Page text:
Evangelicalism’s Justice Conversation

For over forty years, a minority movement in American evangelicalism stood strong and shouted loud that Jesus and justice cannot be separated–that justice is, in fact, at the center of Scripture and the very heart of God. The prophets of this movement never tired of reminding their more politically conservative brethren that over 2,000 verses in Scripture reference the poor. Jim Wallis, John Alexander, Ron Sider, Tony Campolo, John Perkins, and Tom Skinner preached those texts in pulpits and college chapels, at camp meetings and conferences across America. (David R. Swartz has recently chronicled this movement in a scholarly but accessible survey, The Moral Minority.) They built institutions around their message: Sojourners, CCDA, and Eastern University among them.

These justice advocates did not convince American evangelicalism that they were right on every policy point and justice issue. (They didn’t always agree with one another.) But like their forebears who had defined themselves “evangelical” as opposed to “fundamentalist,” the evangelical justice crowd outlasted their resistance. Justice won a place at the center of evangelical faith.

So next weekend, when Eastern University hosts The Justice Conference in Philadelphia, simulcasting at locations around the country, every evangelical missions organization and  publication aimed at reaching folks under 40 will be present or paying attention. Even those who stay away from the conversation will be shaped by it.

Because justice has won. We cannot talk about a Jesus movement in America today without talking about justice.

But that hardly means the conversation is over. Because recognizing that justice is at the heart of God is not the same thing as understanding what it means to put it into practice. Saying that Jesus and justice are inseparable is a far cry from pursuing justice with all our heart, soul, mind and strength.

This is why I’m grateful for Ken Wytsma, founder of The Justice Conference, who has also just published his first book: Pursuing Justice: The Call to Live and Die for Bigger Things. Ken is committed to keeping evangelicalism’s justice conversation moving forward. And he’s humble enough to know he doesn’t have all the answers.

But I think it’s significant that both a book launch and a gathering meant to deepen the conversation are happening during Black History Month. Because, as grateful as I am for the prophets who’ve spent the last forty years convincing white evangelicals to care about justice, their message was never news to the black church tradition. From their earliest days of gathering at camp meetings and in brush arbors, black Christians in America have known that Jesus was on the side of freedom and that his Movement was toward justice.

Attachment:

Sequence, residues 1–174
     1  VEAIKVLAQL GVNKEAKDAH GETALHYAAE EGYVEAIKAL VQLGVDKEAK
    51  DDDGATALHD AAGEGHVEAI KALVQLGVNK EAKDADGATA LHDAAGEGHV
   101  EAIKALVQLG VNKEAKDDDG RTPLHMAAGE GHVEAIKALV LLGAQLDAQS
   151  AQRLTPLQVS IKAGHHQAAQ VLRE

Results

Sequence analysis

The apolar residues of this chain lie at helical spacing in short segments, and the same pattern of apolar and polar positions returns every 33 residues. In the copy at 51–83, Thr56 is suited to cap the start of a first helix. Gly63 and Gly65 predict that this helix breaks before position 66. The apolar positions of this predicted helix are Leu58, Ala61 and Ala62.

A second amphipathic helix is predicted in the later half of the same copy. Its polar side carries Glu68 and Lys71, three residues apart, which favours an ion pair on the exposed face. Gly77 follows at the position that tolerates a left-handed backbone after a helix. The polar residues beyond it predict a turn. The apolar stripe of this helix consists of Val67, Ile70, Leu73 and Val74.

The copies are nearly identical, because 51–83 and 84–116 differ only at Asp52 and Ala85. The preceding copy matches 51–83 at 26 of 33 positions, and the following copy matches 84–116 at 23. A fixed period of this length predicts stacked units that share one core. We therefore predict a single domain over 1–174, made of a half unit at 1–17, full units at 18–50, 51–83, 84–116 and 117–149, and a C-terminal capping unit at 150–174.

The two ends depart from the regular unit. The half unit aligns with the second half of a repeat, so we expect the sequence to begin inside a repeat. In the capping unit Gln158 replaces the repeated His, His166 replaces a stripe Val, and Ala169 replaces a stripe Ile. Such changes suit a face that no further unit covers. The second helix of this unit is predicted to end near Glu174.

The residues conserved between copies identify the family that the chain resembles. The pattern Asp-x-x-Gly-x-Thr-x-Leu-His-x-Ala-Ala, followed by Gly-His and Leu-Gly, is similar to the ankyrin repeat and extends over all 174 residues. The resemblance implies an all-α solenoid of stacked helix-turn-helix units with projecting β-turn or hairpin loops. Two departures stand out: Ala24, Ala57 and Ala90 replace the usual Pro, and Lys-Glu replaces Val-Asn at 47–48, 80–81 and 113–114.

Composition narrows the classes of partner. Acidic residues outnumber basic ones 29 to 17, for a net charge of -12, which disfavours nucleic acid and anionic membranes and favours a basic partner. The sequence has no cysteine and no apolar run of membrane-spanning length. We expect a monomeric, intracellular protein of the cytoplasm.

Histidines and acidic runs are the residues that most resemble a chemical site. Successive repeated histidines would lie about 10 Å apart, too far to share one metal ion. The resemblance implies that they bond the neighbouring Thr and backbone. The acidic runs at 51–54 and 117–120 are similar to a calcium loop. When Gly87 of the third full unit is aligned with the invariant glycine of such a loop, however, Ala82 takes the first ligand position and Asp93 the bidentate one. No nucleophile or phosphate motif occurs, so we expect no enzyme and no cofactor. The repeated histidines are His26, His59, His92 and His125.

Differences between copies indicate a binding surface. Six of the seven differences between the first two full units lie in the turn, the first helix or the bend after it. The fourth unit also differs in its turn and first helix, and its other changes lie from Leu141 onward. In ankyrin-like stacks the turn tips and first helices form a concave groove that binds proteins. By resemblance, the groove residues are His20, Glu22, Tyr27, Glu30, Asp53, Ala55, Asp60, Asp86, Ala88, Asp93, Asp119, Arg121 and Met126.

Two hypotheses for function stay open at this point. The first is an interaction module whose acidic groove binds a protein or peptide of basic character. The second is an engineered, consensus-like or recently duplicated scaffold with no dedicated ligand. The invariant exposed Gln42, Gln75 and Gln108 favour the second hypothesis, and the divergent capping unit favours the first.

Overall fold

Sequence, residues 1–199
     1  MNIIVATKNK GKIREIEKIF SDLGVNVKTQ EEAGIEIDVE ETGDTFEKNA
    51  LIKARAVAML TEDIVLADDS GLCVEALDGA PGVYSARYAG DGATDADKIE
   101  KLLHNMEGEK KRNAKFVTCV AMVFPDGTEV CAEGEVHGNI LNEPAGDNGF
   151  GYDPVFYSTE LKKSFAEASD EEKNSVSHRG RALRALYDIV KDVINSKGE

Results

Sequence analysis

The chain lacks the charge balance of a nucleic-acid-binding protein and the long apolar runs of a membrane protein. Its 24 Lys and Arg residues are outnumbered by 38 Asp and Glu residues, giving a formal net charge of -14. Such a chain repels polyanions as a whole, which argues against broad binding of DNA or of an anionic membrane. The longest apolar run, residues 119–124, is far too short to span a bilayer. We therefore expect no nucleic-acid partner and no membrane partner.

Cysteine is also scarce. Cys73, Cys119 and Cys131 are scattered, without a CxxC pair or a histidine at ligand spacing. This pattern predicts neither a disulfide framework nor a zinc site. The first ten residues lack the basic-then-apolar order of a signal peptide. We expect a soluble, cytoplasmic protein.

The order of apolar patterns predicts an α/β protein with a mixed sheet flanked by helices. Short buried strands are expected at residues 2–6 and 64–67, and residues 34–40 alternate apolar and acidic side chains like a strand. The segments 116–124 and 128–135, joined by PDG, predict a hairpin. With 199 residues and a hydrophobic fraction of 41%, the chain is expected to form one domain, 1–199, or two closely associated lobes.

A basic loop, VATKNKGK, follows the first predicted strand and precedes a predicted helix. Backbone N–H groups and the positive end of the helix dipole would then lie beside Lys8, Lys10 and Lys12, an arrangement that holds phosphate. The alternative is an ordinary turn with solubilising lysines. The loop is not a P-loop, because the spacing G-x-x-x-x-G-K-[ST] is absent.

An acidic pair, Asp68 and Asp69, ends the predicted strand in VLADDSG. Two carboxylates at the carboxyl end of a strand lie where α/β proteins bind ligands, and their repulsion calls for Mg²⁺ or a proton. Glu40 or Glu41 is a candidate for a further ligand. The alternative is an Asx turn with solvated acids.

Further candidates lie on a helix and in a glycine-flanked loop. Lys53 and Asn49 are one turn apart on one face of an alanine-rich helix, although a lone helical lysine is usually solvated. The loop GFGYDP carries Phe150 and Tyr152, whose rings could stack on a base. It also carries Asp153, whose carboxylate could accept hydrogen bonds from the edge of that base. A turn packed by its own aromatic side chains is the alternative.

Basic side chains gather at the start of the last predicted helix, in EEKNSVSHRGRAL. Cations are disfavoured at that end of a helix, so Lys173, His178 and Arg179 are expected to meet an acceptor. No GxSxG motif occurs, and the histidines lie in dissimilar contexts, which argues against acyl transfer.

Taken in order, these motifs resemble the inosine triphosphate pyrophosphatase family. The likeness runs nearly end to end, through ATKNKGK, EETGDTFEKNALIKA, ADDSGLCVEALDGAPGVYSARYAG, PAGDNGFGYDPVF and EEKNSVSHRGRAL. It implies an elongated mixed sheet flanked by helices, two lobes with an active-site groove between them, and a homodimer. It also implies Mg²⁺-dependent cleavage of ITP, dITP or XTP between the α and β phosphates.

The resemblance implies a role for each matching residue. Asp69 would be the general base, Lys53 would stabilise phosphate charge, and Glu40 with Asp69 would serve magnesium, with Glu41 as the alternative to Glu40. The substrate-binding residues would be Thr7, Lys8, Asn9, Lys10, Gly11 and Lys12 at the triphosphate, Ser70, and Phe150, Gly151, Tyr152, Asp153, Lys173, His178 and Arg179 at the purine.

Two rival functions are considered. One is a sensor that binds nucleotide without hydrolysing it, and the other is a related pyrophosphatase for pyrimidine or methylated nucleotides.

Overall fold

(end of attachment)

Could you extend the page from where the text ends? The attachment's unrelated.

If we are going to have any chance of learning to do justice, as Micah says the Lord requires, we who have inherited America’s original sin of racism must apprentice ourselves to the black church and drink deep from its wells of wisdom. It is not enough, I am convinced, for us to realize that the Bible has been talking about justice all along. It’s not enough to say the word. For terrible things have been done in the name of justice. And they will continue to be, even by well meaning people who are zealous to overcome their history of ignorance.

No, white evangelicals are not well suited to lead the justice conversation that we now need most. We would do better, it seems, to begin with repentance–to search our souls for the hidden wounds that racism has inflicted upon us. We would do well to listen to the stories of David Walker and Harriet Tubman, of Frederick Douglass and Sojourner Truth, of Ida B. Wells and A. Philip Randolph, of Septima Clark, Fannie Lou Hamer, Fred Shuttlesworth, and Martin Luther King. We would do well to learn from the example (and from the mistakes) of allies like William Lloyd Garrison and Angelina Grimke, Lillian Smith and Clarence Jordan, Dorothy Day and Ed King. For some Christians in America, Jesus and justice were never separable. What do their traditions have in common that ours has lacked?

I am a product of American evangelicalism, a student of our movement, and a grateful participant in this family of faith. The ways we talk about personal conversion make sense to me: we can only open ourselves to grace at that point when we realize we cannot fix ourselves. But white evangelicals have often been blind to the ways that social transformation also demands repentance.

Leaving justice out, we’ve missed a lot.

Maybe this new conversation about justice is an opportunity for us to learn from those we’ve too long ignored.


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